An early detection of insufficiently perfused skin flaps can reduce complications and improve treatment results after reconstructive surgeries.

Until 72 hours after surgery, insufficiently perfused flap transplants are not necessarily detectibly by mere visual monitoring. At the point when poor circulation is detectable with the naked eye, the flap is in a much worse condition. It not only harder to salvage but also has a higher revision expense.

Pseudo-color images of a flap on the right hand

Pseudo-color images of a flap on the right hand

With the TIVITA™ Tissue system, oxygenation and perfusion anomalies in flaps can be detected much earlier. That way, attending physicians can intervene much sooner and reduce complications. The TIVITA™ Tissue system is able to visualize the total hemoglobin and the oxygenation of the tissue in pseudo-color images.

Hence, it serves as an important tool for identifying arterial insufficiencies, venous congestion and differentiate between the two of them: Surgeons can see the difference in tissue oxygenation during surgery and take countermeasures when an insufficient perfusion is detected.
Ultimately, an early detection of deficient tissue oxygenation in flaps leads to a less suffering in patients, a lower number of surgical interventions and reduced costs for the health care system.

Flap transplant under the right eye, directly after surgery

Flap transplant under the right eye, directly after surgery

Flap transplant under the right eye, directly after surgery

4 days post operative

Flap transplant under the right eye, 4 days after surgery

Flap transplant under the right eye, four days after surgery

Flap transplant at the right leg, postoperative

Flap transplant at the right leg, postoperative

Flap transplant at the right leg, postoperative


 
 
“Two criteria tested provide objective evaluation of flap viability and facilitate diagnosis of flap ischemia bevor clinically apparent. Earlier diagnosis should lead to earlier intervention and higher salvage rates. Salvaged flaps should have less fat necrosis because ischemic time can be shortened. The new criteria allow clinicians to assess flaps remotely, eliminate subjectivity and help explain variations in StO2 that are normal or caused by events such as micro emboli.”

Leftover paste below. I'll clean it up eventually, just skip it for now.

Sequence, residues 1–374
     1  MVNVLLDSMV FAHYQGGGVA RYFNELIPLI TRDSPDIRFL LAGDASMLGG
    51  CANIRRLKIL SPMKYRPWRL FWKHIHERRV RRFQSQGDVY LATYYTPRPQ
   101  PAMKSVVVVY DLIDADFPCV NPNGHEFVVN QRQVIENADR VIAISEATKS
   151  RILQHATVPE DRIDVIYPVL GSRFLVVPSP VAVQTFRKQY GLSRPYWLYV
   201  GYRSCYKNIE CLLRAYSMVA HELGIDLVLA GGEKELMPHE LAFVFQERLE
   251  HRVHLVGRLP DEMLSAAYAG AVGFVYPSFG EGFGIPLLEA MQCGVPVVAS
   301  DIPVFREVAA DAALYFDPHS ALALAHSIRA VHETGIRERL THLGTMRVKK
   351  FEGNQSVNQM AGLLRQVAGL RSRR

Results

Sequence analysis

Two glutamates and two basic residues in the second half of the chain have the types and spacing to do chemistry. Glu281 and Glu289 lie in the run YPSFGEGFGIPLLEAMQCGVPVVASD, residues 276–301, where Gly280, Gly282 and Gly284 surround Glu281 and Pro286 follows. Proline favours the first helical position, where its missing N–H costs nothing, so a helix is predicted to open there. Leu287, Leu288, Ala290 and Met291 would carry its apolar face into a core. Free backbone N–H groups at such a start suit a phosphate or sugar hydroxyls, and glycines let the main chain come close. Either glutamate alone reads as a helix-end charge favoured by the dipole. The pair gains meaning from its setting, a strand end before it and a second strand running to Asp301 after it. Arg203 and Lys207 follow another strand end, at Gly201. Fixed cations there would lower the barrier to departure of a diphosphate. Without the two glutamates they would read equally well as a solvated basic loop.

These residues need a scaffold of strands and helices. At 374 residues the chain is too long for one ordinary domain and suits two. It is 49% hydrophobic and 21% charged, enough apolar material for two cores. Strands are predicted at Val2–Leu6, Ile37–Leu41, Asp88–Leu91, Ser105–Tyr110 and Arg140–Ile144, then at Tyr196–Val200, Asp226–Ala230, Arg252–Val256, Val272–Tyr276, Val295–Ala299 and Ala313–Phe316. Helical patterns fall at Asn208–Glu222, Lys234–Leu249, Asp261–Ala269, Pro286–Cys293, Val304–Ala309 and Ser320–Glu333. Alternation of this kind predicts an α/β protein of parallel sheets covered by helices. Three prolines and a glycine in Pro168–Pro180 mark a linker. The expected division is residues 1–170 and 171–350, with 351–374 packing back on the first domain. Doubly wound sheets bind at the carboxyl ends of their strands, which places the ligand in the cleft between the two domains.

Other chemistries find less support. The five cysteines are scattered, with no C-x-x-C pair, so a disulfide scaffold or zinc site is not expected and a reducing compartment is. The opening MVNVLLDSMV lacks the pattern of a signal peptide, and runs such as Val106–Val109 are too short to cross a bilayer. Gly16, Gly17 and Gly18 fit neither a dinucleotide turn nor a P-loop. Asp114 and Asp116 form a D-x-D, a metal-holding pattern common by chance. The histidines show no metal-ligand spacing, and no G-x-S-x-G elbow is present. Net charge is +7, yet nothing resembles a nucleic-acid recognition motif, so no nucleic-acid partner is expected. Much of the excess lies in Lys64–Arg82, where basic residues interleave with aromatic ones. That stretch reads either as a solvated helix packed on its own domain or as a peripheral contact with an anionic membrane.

“Two indicators of hypoxia, StO2 ≤ 30% and its drop rate, were used simultaneously. All flaps with StO2 ≤ 30% and a drop rate ≥ 20% per hour, both sustained more than 30 minutes, were flaps with complications The sensitivity, specificity, positive predictive value, and negative predictive value were each 100% and statistically significant.”

[Keller, Alex. “A new diagnostic algorithm for early prediction of vascular compromise in 208 microsurgical flaps using tissue oxygen saturation measurements.” Annals of plastic surgery 62.5 (2009): 538-543.]

“Near-infrared spectroscopy seems to be a highly suitable candidate for postoperative flap monitoring. Larger-scale, randomized, multicentric clinical trials are needed in the future.”
[Chen, Ying, et al. “Free flap monitoring using near-infrared spectroscopy: a systemic review.” Annals of plastic surgery 76.5 (2016): 590-597.]

“Hyperspectral imaging (HSI) can help surgeons make quick decisions in the operating room, as it detects issues not visible to the naked eye.”
[Javier La Fontaine, Ph.D.: University of Texas Southwestern Medical Center]
 
We measure in the visible (VIS) and invisible, near-infrared (NIR) range, whereby we can represent non-visible abnormalities for humans. This is non-invasive, imaging and within a few seconds.
 
For more information on how to interpret our images, please click »here
 

Literatur
[1] Sowa, M. G., Kuo, W. C., Ko, A. C., & Armstrong, D. G. (2016). Review of near-infrared methods for wound assessment. Journal of biomedical optics, 21 (9), 091304-091304.

[2] Perng, C. K. (2013). Recent advances in postoperative free microvascular flap monitoring. Formosan Journal of Surgery, 46 (5), 145-148.

[3] Marotz, J., Siafliakis, A., Holmer, A., Kulcke, A., & Siemers, F. (2015). First results of a new hyperspectral camera system for chemical based wound analysis. Wound Medicine, 10, 17-22.

[4] Myers, D., McGraw, M., George, M., Mulier, K., & Beilman, G. (2009). Tissue hemoglobin index: a non-invasive optical measure of total tissue hemoglobin. Critical Care, 13 (5), 1.

[5] Lu, G., & Fei, B. (2014). Medical hyperspectral imaging: a review. Journal of biomedical optics, 19 (1), 010901-010901.

[6] Bashkatov, A. N., Genina, E. A., Kochubey, V. I., & Tuchin, V. V. (2005). Optical properties of human skin, subcutaneous and mucous tissues in the wavelength range from 400 to 2000 nm. Journal of Physics D: Applied Physics, 38 (15), 2543.

[7] Keller, Alex. “A new diagnostic algorithm for early prediction of vascular compromise in 208 microsurgical flaps using tissue oxygen saturation measurements.” Annals of plastic surgery 62.5 (2009): 538-543.

[8] Yafi, Amr, et al. “Postoperative quantitative assessment of reconstructive tissue status in cutaneous flap model using spatial frequency domain imaging.” Plastic and reconstructive surgery 127.1 (2011): 117.